After a couple of months driving a BEV my enthusiasm for them has not waned.
With local gas prices at $4.50 a gallon and electricity at 8.7 cents a Kwh, my Volvo XC40 Recharge Twin is getting the equivalent of 134 mpg.
The numbers are: 1,181 miles driven and 453 KWh charge added at a cost of .$0.087077 per kWh = $39.44 for 453 KWh. Then $39.44 / 1181 = $0.0334 cost per mile then divide $0.0334 into $4.50 = 134.73 mpg.
Your electricity is so cheap. Mine is 10.4c per kWh but it’s all renewable so I pay a little more. Congratulations on your car. Keep the faith. I’m getting a Tesla Model 3 Long Range soon. 4.2 seconds to 60, but I only will do that to show off and drive more conservatively as a rule.
I averaged 5.8 cents per kWh last year. I pay different amounts for on and off peak use, and there is also a demand charge during on peak hours.
Mine will be going up for June-July and August, then back to Sept thru May rates:
Summer (June–August)||TIER 1|TIER 2|TIER 3|
|KILOWATT-HOURS (KWH)|0–800|801–2,000|Over 2,000|
|PRICE (CENTS PER KWH)|8.5005¢|10.2214¢|12.1424¢|
Non-Summer (September–May)||TIER 1|TIER 2|TIER 3|
I am considering going to their off-peak plan but it appears that ALL use between noon and 9 PM is a killer rate, (12.142 cents per KWh.)
MPGe is a measurement designed to deceive. Anytime I see car companies advertising that, I discount everything they say. It requires not one, but two assumptions of variable unknown current and future energy costs.
Then discussions like this one devolve into electricity and gas prices, which are different everywhere and not even necessarily related.
There’s a much simpler measurement of energy per mile that requires no assumption of energy costs. And a cost per mile that requires only one assumption of unknown energy costs. Either of those would be more useful. Of course, then some people would naturally think about the total cost for energy as compared to the total cost of the vehicle.
It’s just as bad the “60W” light bulbs that use 9.3 W.
I don’t think the folks commenting in this discussion are trying to predict anyone else’s experience. Quite the contrary, we are simply relating our personal experiences based on real out-of-pocket costs.
We all get bills, fill gas tanks and own calculators and computers and can figure out what things cost.
MPGe is a useful tool and is a valid way to compare battery-electric vehicles with ICE vehicles. A valid comparison should include the costs involved with the resulting claimed performance. The common denominator and the most logical method to that end is to use out-of-pocket costs. To say that individual experiences may vary is a given. That fact has always been the case and also applies to plain old EPA MPG rates because people are unique and have different driving habits and those habits, environments locations all contribute to the usual qualifier “your results may vary.”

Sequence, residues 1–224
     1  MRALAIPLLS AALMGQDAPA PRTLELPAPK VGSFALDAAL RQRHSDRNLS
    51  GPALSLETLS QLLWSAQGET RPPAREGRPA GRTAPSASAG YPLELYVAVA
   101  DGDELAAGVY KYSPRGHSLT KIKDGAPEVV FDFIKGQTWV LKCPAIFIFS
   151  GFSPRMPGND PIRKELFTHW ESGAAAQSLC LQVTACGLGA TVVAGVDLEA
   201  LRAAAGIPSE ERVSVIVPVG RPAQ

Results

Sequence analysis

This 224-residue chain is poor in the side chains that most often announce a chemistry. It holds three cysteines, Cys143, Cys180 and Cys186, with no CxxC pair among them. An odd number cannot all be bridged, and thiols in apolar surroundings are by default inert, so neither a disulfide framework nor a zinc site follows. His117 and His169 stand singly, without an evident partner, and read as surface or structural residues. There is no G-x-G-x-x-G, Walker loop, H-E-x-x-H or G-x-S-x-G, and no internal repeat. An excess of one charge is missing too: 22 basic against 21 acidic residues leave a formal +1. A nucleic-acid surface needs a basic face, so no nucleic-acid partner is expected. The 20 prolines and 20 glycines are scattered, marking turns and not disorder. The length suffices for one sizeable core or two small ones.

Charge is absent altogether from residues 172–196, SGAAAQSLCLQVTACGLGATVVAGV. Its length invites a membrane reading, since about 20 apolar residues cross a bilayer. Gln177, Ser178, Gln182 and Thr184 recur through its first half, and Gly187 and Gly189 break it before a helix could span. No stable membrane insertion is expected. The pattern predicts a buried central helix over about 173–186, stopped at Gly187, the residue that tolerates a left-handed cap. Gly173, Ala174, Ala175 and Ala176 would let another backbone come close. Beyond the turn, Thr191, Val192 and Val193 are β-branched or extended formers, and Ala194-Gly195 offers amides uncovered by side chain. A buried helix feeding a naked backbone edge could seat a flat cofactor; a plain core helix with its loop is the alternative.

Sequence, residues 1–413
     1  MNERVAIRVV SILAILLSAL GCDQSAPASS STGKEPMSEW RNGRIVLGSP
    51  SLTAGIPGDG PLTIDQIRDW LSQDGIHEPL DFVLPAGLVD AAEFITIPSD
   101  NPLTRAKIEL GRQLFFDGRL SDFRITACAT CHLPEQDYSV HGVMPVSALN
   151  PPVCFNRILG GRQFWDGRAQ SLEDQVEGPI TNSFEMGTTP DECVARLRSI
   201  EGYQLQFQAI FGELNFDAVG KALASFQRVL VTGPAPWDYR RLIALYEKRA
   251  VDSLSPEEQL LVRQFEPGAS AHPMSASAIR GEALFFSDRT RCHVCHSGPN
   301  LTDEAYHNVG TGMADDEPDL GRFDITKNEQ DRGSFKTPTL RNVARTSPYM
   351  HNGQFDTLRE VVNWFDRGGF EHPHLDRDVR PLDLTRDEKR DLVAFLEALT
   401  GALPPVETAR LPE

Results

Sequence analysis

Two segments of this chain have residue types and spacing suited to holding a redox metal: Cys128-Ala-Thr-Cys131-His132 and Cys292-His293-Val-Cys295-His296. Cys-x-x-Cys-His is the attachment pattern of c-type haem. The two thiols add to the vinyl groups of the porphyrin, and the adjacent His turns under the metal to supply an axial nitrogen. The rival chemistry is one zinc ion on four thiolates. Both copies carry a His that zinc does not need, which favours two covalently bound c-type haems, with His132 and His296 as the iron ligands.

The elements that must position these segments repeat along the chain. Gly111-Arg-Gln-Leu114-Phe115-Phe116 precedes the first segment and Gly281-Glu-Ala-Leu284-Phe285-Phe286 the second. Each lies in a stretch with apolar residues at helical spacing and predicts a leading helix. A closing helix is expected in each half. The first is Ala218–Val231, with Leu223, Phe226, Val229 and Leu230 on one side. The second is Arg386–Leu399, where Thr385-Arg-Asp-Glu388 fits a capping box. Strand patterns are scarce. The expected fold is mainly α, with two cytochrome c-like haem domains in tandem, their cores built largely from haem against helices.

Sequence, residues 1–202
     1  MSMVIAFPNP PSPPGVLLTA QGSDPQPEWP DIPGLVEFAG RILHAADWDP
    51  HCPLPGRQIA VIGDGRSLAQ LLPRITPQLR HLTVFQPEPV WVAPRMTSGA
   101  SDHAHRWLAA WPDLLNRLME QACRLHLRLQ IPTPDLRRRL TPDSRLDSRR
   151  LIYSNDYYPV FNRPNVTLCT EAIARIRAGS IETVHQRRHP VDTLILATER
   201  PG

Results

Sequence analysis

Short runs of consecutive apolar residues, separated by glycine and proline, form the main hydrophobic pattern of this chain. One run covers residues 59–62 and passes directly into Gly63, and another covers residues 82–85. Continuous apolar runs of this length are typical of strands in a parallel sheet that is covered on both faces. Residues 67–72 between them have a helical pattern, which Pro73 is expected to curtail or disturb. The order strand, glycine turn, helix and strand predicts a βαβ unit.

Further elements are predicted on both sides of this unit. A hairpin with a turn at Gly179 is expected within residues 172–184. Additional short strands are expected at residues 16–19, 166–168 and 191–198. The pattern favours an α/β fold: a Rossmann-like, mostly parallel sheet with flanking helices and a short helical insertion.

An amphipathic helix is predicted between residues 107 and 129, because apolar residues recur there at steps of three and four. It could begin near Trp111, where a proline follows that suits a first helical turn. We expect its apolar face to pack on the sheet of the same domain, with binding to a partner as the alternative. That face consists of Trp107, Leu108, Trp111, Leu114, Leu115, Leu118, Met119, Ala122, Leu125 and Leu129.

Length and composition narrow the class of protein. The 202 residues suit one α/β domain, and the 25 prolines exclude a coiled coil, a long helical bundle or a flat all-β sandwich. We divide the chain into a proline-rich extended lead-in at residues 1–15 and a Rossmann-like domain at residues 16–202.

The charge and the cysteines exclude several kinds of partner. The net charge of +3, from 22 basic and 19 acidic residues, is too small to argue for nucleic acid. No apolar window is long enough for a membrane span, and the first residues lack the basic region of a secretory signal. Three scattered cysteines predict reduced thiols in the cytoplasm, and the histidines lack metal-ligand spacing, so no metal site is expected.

The costs of driving a mile is “directly related” to the costs of getting around in our day-to-day lives. The fact that the term “MPGe” is new to all of us, and may be misunderstood and misused by some people does not mean that "MPGe is a measurement “designed to deceive.” It simply means that human beings are susceptible to misunderstandings and misuse of new concepts and words.
Here’s a more direct way to compare cost per mile between EVs and ICEVs.
A gallon of gasoline contains 120,286 BTUs. A KWh of electricity contains 3,412.14 BTUs. Both energy sources are measured at the time of transfer to the vehicle so the consumption rates will be an accurate indicator of each vehicle’s energy-to-miles-traveled conversion efficiency.
If an ICE vehicle gets 35 mpg that means it’s taking 120,286 BTUs to go 35 miles, or (120,286/35 = 3,436.74 BTUs per mile.) If a BEV goes 2.6 miles on 1 KWh that means it is taking 3,412.14 BTUs to go 2.6 miles, or 3,412.14/2.6 = 1,312.36 BTUs per mile.
At 4.50/gal gasoline, one cent will buy you 267 BTUs. If I choose to purchase my transportation BTUs from my electrical utility provider, my one cent buys me 392 BTUs… and those BTUs are put to work in a vehicle that uses them 2.6 times more efficiently. That efficiency is calculated by dividing the ICE BTU/mile by the BEV BTU/mile, or 3,436.74 / 1,312.36 = 2.619 times more efficient conversion to travel distance.
Also to consider, gas cars are less efficient in delivering power to the wheels compared to EVs: 25% vs 75%. Gas is used one time, completely consumed and a lot of it’s energy is released as waste heat from combustion. 85-92% of lithium battery components can be recycled to recapture lithium, cobalt, nickel, etc. There are 3 battery recycling plants in existence now and more on the way. Tesla is recycling now also and is very efficient in reclamation. Tesla batteries are estimated to last 300-500k miles before needing replacement.